What Ajit must learn from his Pawar-ful uncle
In 1991, when Ajit Pawar entered the state assembly from Baramati, all eyes were on this reticent 32-year-old, the youngest member of the Sudhakarrao Naik ministry
In 1991, when Ajit Pawar entered the state assembly from Baramati, all eyes were on this reticent 32-year-old, the youngest member of the Sudhakarrao Naik ministry. Though he was a man of few words, the aura that came with his name was enough for others to sit up and take notice — after all, he was one of the famed Pawars from Baramati.
With equal number of friends and foes, the Pawars have always had a commanding presence in state politics. Their foes may appear few, but only because many of them are secret ones. But in many ways, state politics revolves around the mighty clan.
In 1993, Ajit was not a member of the state cabinet because his uncle was back in the saddle after the March 1993 bomb blasts. But by then, he had become an influential politician. People who failed to meet Pawar Senior would contact him. He never quite acquired the smoothness and diplomacy that is common to politicians. His language was always crude, and his remarks stinging at best. But his colleagues put up with this, believing that he was a good man in spite of the rough edges.
Moreover, he was heir apparent to the Pawar clan, as Supriya was nowhere in sight.
So Pawar Junior was indulged, never rapped on the knuckles for unsavoury statements. No serious attempts were made to change his behaviour and polish it into the kind evinced by his uncle, who, in spite of his scathing wit and shrewdness, always managed to hit the mark with correctly chosen words.
Even after Pawar Senior shifted to New Delhi in 1996, Ajit didn’t really develop, in spite of holding cabinet posts.
Even today, at age 54, with 22 years of experience in state politics under his belt, it is not Ajit but his uncle who calls the shots. His tactlessness has taken his years back. Supriya Sule on the other hand is fast emerging as Pawar Senior’s successor.
Though now associated best with urinary problems, Ajit is also known as a man who starts his day at 6 am, meets people, addresses their grievances, not mincing his words and giving clear answers to their queries and questions. He wields great power over the state bureaucracy — no official summoned by him dares to skip a meeting, even if it is scheduled at 7 am.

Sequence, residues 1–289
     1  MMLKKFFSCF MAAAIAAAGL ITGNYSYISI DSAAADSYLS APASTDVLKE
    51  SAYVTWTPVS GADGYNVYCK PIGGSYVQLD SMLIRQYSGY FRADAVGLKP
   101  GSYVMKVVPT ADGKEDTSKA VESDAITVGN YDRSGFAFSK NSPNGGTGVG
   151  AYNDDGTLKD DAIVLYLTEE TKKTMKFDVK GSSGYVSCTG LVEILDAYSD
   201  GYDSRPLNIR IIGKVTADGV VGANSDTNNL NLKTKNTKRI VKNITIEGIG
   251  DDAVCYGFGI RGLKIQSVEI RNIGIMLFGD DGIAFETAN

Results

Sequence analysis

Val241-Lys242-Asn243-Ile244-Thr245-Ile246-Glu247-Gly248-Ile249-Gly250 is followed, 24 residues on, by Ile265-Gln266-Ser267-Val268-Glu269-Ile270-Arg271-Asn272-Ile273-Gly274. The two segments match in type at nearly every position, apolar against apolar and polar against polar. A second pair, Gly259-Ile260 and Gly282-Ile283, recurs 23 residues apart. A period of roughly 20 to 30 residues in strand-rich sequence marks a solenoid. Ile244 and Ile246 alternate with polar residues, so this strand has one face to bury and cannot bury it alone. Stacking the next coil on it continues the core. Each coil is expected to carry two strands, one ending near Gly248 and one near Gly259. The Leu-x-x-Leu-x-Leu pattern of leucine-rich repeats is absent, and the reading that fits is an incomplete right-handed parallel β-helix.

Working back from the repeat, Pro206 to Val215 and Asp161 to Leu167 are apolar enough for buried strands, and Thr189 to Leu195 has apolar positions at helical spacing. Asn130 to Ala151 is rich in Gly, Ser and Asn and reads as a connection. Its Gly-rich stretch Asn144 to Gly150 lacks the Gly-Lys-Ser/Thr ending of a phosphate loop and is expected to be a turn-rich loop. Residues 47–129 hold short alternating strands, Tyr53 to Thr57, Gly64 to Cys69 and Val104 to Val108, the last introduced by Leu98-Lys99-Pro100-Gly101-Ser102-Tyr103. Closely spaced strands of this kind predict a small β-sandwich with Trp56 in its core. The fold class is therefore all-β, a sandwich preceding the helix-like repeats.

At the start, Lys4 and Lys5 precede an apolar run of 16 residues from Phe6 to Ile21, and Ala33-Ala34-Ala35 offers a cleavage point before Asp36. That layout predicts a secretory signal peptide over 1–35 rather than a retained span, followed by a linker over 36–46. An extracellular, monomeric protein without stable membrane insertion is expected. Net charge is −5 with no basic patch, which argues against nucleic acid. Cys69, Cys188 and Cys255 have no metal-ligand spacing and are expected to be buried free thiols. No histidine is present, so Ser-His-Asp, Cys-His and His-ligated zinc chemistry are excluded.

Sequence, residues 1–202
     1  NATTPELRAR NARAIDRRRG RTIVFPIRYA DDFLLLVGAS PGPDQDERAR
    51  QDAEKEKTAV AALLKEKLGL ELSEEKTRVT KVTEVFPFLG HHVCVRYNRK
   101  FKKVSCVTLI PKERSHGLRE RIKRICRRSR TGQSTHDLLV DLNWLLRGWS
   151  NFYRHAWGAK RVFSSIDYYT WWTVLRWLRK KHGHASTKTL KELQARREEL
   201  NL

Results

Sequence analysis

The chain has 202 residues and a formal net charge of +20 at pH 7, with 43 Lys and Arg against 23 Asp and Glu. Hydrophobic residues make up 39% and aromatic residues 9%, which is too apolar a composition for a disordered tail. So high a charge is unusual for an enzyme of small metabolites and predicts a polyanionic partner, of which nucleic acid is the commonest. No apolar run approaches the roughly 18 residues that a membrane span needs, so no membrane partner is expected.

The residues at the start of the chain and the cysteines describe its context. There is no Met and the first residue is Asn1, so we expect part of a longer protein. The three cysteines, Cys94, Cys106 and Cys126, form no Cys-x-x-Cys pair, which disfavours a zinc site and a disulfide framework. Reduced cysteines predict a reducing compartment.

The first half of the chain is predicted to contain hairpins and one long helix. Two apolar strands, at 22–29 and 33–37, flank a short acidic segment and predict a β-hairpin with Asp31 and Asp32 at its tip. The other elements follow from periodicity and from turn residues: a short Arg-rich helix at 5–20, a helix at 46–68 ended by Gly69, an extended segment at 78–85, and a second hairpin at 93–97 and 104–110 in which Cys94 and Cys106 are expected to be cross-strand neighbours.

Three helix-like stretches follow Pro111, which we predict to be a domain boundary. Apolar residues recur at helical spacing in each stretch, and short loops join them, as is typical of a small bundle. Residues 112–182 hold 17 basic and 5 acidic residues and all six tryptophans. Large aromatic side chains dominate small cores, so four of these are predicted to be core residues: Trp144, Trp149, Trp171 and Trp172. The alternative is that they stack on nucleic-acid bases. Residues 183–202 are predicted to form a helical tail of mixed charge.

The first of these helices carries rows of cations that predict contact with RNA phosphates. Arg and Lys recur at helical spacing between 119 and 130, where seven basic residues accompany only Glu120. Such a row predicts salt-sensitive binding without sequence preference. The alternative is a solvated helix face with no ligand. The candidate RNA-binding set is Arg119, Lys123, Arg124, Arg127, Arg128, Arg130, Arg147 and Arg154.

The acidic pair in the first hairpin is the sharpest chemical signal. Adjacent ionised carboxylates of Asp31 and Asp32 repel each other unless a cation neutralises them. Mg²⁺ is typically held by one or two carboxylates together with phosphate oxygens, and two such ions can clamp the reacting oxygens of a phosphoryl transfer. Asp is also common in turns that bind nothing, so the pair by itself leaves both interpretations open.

He is a popular man, with legions of followers who are not just limited to his home-turf Baramati, or Pune; they have now spread to Vidarbha, Marathwada and the Konkan. It is said that he has a well-devised plan up his sleeve to win 100 seats and has his eyes set on the next elections, even though he will first have to deal with the allegations of a huge scam in the state irrigation sector where Rs 70,000 crore were spent with little to show for.
His supporters say he has all the copies of the sundry proposals submitted by local leaders for increasing the scope of irrigation. Beneficiaries in irrigation sector include leaders from all political parties.
So, what he said on April 6 at a function in a village near Baramati was truly the ‘biggest blunder’ of his life, as admitted by the man himself. Remarks made by him on urination in dams and the fallout of load shedding were unacceptable and unimaginable from a person who has been in state politics for the last 22 years, and more shamefully, is the deputy CM.
With this scandal, Ajit has joined the league of other notorious deputy CMs — Nasikrao Tirpude in 1977-78, Ramrao Adik in 80s, Gopinath Munde between 1995 and 1999, Chhagan Bhujbal from 1999 to 2003, R R Patil between 2004 and 2008 — all their tenures are marked with turbulence.
Ajit’s remarks shocked his uncle so much that even though he was in Mumbai and Pune from April 10, he did not meet anyone, not even his party colleagues. Normally, Pawar spends a day or two of every week in Mumbai and summons his party colleagues to discuss various issues. It was only on Saturday that he came publicly reacted to the matter.
Pawar Senior indirectly clarified every aspect of the issue — the farmer was demanding release of water from Ujani dam, where storage is almost nil. And the stored water that is available in upstream projects of Ujani is meant for farmers who have parted with their land for the project.
He added that the farmers were all part of the Baramati constituency. What Ajit had said in a crass, unacceptable manner was explained by his uncle with tact and logic. He said that he would not desert the Baramati farmers till his last breath, as they have parted with 27,000 acres of land for the Ujani project.
Ajit had much to learn from his uncle.
— The writer is Political Editor, MiD DAY